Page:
Session 3: God Space
For Jesus, praying and talking with God was not a chore or duty. It was the joyful and loving conversation between Father and Son. We too can talk to God as our father. We are welcome in the presence of God as his special children.
Previous session review
Recap on your experience of the last challenge. How did it go? Was it helpful?
If you weren’t able to try the challenge, explore the question: where and how did you experience God last week?
Read the passage several times through, slowly and prayerfully. It might help to use your imagination to picture the scene. At the end of the text you will find helpful background information in our ‘Setting the Scene’ section.
As you read, look out for shockers and blockers.
Shockers – a phrase, word, image or something from the text that resonates, stands out or connects with you.
Blockers – something from the text that raises questions for you.
When you pray, don’t be like those show-offs who love to stand up and pray in the meeting places and on the street corners. They do this just to look good. I can assure you that they already have their reward.
When you pray, go into a room alone and close the door. Pray to your Father in private. He knows what is done in private, and he will reward you.
When you pray, don’t talk on and on as people do who don’t know God. They think God likes to hear long prayers. Don’t be like them. Your Father knows what you need before you ask.
You should pray like this: Our Father in heaven, help us to honour your name.
Come and set up your kingdom, so that everyone on earth will obey you, as you are obeyed in heaven.
Give us our food for today. Forgive us for doing wrong, as we forgive others. Keep us from being tempted and protect us from evil. If you forgive others for the wrongs they do to you, your Father in heaven will forgive you. But if you don’t forgive others, your Father will not forgive your sins.
Contemporary English Version (CEV)
Setting the Scene
- This passage sits in the centre of the ‘Sermon on the Mount’. Gathering his disciples, Jesus addresses the issues that wreak the most havoc on society – anger, adultery, divorce, retaliation, lust. He then turns his attention to prayer, advocating simplicity, correct motivation and the centrality of the heart’s desire to be with God.
- Jesus is not saying we shouldn’t pray in public – but that prayer should not be to impress others. Prayer should be between you and God.
- The Lord’s Prayer is short and pithy – Jesus wants them to see they don’t need to try and be wordy or sound religious. We can speak with God about the ordinary things of life – food, sin, temptation. But the prayer, from the start, recognises who God is and our standing before him. The last two verses remind us the condition of our hearts is most important.
- Jesus uses the Aramaic word ‘Abba’ – often the first word a child in the Middle East would learn. It is a term of great respect for a superior and of profound personal relationship.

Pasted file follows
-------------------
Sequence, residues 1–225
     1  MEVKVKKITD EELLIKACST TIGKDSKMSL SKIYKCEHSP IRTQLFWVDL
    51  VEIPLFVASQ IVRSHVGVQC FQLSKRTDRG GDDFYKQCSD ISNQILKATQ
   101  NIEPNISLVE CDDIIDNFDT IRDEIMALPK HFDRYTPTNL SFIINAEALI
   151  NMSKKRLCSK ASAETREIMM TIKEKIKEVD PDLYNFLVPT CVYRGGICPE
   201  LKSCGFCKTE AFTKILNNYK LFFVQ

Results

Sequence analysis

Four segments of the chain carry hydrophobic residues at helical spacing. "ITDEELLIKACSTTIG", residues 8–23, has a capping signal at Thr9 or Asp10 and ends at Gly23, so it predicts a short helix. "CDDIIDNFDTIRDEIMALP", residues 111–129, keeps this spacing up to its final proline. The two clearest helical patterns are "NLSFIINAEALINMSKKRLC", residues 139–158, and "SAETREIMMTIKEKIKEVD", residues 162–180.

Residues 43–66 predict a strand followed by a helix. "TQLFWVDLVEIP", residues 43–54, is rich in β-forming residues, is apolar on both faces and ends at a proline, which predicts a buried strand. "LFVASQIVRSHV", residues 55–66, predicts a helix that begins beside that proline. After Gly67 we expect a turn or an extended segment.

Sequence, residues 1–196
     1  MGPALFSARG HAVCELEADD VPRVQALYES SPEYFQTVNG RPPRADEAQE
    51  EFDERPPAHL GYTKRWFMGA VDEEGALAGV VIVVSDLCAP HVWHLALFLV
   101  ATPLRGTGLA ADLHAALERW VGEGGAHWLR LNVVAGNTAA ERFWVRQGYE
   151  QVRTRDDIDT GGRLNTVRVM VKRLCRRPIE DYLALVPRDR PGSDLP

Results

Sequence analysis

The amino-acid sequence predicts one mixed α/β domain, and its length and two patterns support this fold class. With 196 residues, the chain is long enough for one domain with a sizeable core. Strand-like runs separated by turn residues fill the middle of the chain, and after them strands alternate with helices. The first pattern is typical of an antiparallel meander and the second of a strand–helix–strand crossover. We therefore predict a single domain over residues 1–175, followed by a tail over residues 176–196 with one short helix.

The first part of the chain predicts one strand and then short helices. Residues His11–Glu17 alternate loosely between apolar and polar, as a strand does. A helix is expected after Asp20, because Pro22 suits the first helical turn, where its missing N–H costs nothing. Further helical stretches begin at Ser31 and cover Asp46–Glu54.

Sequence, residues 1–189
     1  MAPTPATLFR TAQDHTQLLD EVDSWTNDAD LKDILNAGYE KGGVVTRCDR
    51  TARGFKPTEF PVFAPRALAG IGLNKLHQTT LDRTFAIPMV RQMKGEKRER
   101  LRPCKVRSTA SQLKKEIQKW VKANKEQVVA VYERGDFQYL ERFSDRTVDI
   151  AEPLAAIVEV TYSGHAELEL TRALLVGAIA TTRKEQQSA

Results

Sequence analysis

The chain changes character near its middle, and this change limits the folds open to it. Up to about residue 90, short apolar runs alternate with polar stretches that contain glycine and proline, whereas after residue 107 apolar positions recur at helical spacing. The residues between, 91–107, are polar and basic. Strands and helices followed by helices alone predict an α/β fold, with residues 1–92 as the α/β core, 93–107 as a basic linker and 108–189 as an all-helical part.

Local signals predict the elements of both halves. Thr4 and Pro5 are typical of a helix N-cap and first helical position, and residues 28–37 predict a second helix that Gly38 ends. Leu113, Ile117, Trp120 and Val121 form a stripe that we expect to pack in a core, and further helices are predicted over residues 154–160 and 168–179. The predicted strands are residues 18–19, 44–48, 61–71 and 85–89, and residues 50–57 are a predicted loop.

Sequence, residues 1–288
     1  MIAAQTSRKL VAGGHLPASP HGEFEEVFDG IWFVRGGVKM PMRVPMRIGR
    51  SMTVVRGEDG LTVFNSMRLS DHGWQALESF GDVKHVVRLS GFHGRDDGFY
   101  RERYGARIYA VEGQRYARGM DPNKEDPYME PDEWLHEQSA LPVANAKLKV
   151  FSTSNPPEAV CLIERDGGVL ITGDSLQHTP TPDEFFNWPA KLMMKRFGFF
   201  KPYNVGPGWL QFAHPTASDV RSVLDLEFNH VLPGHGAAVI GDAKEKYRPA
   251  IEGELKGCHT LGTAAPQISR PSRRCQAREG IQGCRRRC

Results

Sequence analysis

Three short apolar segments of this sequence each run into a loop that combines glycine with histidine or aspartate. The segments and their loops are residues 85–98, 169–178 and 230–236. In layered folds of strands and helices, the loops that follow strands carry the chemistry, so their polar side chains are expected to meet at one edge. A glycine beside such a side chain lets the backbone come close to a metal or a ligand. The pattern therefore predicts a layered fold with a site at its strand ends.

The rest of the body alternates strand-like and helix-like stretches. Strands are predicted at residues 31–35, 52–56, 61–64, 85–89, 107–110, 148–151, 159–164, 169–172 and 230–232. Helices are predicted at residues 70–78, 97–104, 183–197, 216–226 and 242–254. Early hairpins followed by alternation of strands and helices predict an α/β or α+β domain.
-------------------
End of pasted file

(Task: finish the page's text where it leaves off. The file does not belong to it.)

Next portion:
After you have all had time to read the text, pause and be still to listen to God through the Scriptures.
Begin your reflection time by each naming your shockers and blockers. Listen carefully to each other, share your thoughts and reflect on this passage together.
You might also like to explore these questions:
Q1. In what ways is prayer both easy and difficult, a delight and a struggle?
Q2. What does the Lord’s Prayer teach us about prayer?
This session leads us to explore prayer. As a group, try to create a challenge to help you actively deepen your prayer life this week, or choose one of the following.
Sometimes when we pray, we might encounter all kinds of distracting thoughts. Instead of pushing these thoughts away, allow them to become part of the conversation with God – they may well be things that God wants to address in your life. Use these thoughts as stepping stones to prayer. Let them help you become fully present to God in this moment. If you are feeling sleepy, bored, anxious or pre-occupied make these feelings part of the conversation.
Write down your prayers and conversations with God in a notebook or journal. Writing helps to clarify our prayers and also provides us with a reminder of the things we have prayed for.
03 Fixed hour prayer
Try incorporating this rhythm of prayer into your life this week: in the morning, pray Psalm 63 or Psalm 95. At noon, stop to pray the Lord’s Prayer (silently or out loud). In the evening read Psalm 4, 91 or 134 to prompt a final time of prayer. Although this requires some discipline, it helps to remind us of a powerful and sovereign God. You could set a watch or phone alarm to remind you to pray.
You might like to commit to praying for each person in the group this week as you look to deepen your individual prayer lives. Pray for each person to experience a deeper relationship with God as they spend time with God over the coming week.
‘The goal of prayer is to live all of my life and speak all of my words in the joyful awareness of the presence of God. Prayer becomes real when we grasp the reality and goodness of God’s constant presence with “the real me”. Jesus lived his everyday life in conscious awareness of his Father.’ (John Ortberg)